Ashton Brand

Ashton - Union Jack design
Quality:  I picked up and played 5 or 6 of these ukuleles with the hope of finding a "good one".  Nope.  All of them light and cheap feeling with a tremendously high action.

Sound:  Tinny, but the high action made it a bad experience. Almost impossible to play properly.

Style: 10/10 - Ashton know how to make an attractive cheap ukulele.  The "London" themed ukuleles are lovely looking.  

Summing up: A great looking ukulele which will break your heart.  Browsing through the internet to buy a cheap ukulele, you will be tempted by the look of the Ashton, that is all you can base you decision on after all, but it would be a mistake to buy one.  The quality of these instruments is just terrible.  Form does not win over function in the ukulele world.  This ukulele could put you off ukes for life.  Buy one if you run a theme pub and want something to hang on your wall.

Final Conclusion

I own a Mahalo and Makala, I play the Mahalo all the time and gave the Makala to my kids to abuse.  I wanted an Ashton, but couldn't bring myself to pay ANY amount of money for one, even though it would mainly hang on my office wall ;)

Buy a Maholo, a digital tuner, some good aquilia strings and it will only cost a few quid more than a bog standard Makala, then enjoy your first ukulele experience.  For your kids, buy the Makala, it's a survivor.

Review: RISA Solid Electric Ukulele

My RISA Solid Concert Size Ukulele + Amp + Can of Coke
I have a small confession to make, true ukulele enthusiasts please look away now, but the fact is that I bought this uke because it is "cool".  Yes it's true, as much as I love the ukulele you can't ever accuse them of being "cool".  Most people, including me - a strapping 6' tall, big boned man - look bloody ridiculous playing them.  But the RISA solid electric ukulele is just, in a word - cool.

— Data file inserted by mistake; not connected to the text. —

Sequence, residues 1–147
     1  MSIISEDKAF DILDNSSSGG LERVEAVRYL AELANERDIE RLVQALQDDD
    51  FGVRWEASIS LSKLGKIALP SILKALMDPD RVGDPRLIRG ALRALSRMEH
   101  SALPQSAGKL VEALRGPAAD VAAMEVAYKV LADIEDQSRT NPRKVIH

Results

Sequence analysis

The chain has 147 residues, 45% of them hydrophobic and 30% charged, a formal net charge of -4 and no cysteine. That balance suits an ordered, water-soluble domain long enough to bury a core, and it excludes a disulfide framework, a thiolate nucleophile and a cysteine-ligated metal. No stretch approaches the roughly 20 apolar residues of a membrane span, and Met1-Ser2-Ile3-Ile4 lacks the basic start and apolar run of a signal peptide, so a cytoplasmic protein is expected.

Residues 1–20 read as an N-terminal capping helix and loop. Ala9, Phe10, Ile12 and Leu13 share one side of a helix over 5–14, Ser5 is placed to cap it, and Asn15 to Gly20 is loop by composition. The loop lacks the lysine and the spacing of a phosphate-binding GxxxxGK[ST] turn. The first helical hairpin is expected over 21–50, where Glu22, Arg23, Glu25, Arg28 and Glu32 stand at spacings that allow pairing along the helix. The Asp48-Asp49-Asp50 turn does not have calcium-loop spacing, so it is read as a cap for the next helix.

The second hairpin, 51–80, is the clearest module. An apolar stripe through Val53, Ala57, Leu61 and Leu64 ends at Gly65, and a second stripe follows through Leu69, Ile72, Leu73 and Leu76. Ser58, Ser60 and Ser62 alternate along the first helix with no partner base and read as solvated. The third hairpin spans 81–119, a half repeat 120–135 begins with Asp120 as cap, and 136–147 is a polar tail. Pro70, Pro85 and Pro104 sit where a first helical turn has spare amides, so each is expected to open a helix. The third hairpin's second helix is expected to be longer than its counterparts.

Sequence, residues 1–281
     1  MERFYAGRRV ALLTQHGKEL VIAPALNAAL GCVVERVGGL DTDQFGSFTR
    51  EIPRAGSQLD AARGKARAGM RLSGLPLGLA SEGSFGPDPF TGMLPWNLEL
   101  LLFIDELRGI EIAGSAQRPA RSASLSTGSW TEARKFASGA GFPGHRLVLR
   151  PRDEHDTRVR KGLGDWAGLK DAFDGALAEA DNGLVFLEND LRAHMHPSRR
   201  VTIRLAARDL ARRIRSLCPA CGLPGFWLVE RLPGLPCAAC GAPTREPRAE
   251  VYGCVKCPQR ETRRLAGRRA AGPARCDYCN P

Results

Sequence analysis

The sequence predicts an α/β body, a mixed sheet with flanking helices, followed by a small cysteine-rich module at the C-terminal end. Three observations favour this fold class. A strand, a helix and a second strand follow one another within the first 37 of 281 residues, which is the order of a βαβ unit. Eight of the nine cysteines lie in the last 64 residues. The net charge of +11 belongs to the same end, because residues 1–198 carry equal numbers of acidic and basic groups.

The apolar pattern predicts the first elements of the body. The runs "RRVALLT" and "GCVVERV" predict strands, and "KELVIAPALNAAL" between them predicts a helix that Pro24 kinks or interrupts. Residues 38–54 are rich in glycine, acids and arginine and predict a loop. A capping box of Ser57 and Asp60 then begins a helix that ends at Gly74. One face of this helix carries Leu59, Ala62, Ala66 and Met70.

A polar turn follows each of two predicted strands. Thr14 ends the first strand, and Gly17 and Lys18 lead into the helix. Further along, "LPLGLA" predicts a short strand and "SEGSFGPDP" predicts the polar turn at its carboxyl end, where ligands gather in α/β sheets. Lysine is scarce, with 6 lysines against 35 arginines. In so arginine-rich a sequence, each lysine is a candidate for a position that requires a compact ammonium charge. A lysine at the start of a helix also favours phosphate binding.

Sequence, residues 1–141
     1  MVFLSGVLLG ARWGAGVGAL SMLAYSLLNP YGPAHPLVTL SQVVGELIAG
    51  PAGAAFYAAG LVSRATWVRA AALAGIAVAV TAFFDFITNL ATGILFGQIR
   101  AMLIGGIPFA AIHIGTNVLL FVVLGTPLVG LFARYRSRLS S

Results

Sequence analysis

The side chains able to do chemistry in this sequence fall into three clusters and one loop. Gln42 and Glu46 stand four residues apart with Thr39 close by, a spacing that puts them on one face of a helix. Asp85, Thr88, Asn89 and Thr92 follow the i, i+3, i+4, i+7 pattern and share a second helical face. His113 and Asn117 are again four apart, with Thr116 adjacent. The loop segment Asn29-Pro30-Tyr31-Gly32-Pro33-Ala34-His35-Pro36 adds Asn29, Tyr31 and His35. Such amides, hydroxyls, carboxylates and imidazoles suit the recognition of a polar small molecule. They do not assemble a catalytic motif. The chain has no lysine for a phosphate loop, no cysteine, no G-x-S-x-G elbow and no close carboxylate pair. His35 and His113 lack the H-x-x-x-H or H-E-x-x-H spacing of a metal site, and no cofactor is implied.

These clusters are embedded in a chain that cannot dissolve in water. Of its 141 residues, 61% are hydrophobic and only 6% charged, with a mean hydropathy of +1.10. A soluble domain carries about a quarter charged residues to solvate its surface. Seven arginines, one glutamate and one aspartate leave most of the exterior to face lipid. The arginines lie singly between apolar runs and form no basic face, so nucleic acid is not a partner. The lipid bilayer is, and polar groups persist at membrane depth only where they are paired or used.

This is no gimmick uke.  It is a quality made item, crafted from a single solid piece of maple wood hence the name the "Solid".  The satin finish is a joy to caress.  The design can only be described as a possible future classic.  The strings appear from 4 small holes at the end of the fretboard and bend around a shiny metallic cylinder bridge,  finally ending up at a set of 4 pegs on the top of the body.  This reverse setup of the pegs allows for the small profile design and, this is the best bit, for a traveller like me it fits right into my case comfortably. I have read that people find this uke difficult to tune, this has not been my experience and it will hold it's tune for a remarkably long time.  Play it without amplification and you won't hear a great deal, I see this as a positive, you can practice without upsetting your long suffering ukulele widow.  Plug in an amp and the quality pickup sounds great.

That was everything I love about the instrument, let's talk about a couple of the negatives.  The action is very very low.  Now this is great for a player with ability, I am of moderate ability and I find that if I am clumsy with my finger position or don't press hard enough I am going to get fret-buzz, amplified it can sound bad.  That said, you get used to it, and on a positive note it has made me more precise in my playing.  The lack of headstock means that your left hand can slip right off the end of the instrument causing your to flail around in a comic fashion.  My final comment is - apparently - the shape is not everyone's cup of tea! Amazing, but there you go.  Some people have no taste.

Well, I hope you enjoyed my first (completely unbiased) review of a ukulele.  Many more will come.  Check back soon!

Playing us out, the amazingly talented Wilfried Welti playing Saint Saens organ symphony.

Friday, 5 November 2010

Welcome to the UK Ukulele Blog

Good day my fellow ukulelers, no that can't be right, ukulelist? Hmm, let's just call you Ukers.

Welcome to my spanky new blog. Subscribe for hints & tips on how to play a ukulele, the latest instruments and gadgets from the uke world (to help ease your UAS or Ukulele Acquisition Syndrome), chord and tab arrangements of popular songs moved to ukulele form, news and so much more.

If you want to chat with other Ukers, then head over to the UK Ukulele Forum (not limited to the UK of course).